Who gets in: what's wrong with Canada's immigration program, and how to fix it
September 11, 2001, marked the end of innocence for Canada’s ill-conceived, poorly run, and highly partisan immigration and refugee programs. In a tightly argued book sure to inspire controversy, Daniel Stoffman debunks the myths surrounding Canadian immigration and offers well-founded
suggestions for change.
A Chinese fishing boat is intercepted off the British Columbia coast. The 123 people on board, seeking to enter Canada illegally, are arrested, then given taxpayers’ money and legal representation. They apply for refugee status. Pending their hearings, they disappear. Welcome to Canada.
An Algerian man is searched disembarking from a ferry from Victoria, B.C., to Port Angeles, Wash. His rental car turns out to contain explosives he plans to use to blow up the Los Angeles airport. The man turns out to be an al-Qaeda-trained terrorist bearing a Canadian passport in a false name.
The terrorism of September 11, 2001, turned an intense spotlight on Canada’s lax immigration and refugee programs. “The longest undefended border in the world” became, for the United States, a pressing security concern, and for good reason. Canada is the most immigrant-friendly country in the world, accepting (on a per capita basis) twice as many immigrants as the next most welcoming nation, many of them people about whom little is known.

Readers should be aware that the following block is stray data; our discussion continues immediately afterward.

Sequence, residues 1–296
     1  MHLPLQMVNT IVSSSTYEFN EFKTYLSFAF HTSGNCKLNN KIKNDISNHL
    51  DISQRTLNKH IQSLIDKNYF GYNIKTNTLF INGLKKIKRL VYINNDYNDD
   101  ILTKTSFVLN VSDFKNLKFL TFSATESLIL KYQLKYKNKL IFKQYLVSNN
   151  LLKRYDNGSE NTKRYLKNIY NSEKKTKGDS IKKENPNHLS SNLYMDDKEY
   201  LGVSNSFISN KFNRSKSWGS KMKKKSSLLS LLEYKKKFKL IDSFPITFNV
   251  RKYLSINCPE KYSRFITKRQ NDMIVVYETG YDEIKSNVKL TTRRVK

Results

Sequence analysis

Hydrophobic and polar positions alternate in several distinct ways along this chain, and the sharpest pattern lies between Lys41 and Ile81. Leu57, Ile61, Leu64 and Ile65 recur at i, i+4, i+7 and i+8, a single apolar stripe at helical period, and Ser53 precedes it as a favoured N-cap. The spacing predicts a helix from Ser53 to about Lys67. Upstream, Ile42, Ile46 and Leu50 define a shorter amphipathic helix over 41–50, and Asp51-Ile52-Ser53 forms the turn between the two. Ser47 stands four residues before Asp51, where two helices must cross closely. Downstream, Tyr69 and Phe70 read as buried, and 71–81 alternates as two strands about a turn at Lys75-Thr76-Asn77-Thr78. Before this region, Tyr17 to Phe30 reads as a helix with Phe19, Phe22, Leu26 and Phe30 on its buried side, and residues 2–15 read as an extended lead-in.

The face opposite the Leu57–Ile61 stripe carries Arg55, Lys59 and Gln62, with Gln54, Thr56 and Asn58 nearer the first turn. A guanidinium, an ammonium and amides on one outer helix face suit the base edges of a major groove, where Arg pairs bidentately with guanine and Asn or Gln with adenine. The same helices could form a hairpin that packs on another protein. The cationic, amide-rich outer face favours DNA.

Canada’s immigration program used to be run in the national interest. Now it belongs to those who benefit from it, either politically (most newcomers vote Liberal, so the Liberals use immigration to increase support) or economically (a whole industry has grown up around immigration, refugee, and multicultural issues). Who Gets In shows how this came about, explains why it’s contrary to the national interest, and suggests ways to fix the mess.
Daniel Stoffman points out that our immigration policy is based on two false premises: that immigration provides substantial economic benefits and that we need a huge influx of younger people to offset the aging of our population. Both assumptions he persuasively refutes. Add political correctness, diversity masquerading as multiculturalism, and a voting public that has not yet made immigration an election issue, and presto: you have the most generous, insecure, and muddled immigration system in the world. Like most Canadians, Stoffman heartily supports responsible immigration and a compassionate refugee program. We have neither, he argues, and it’s time for Canadians to demand of their leaders that this most important program be rescued from political partisanship and returned to the foundations of national interest and humanitarianism on which it was built.
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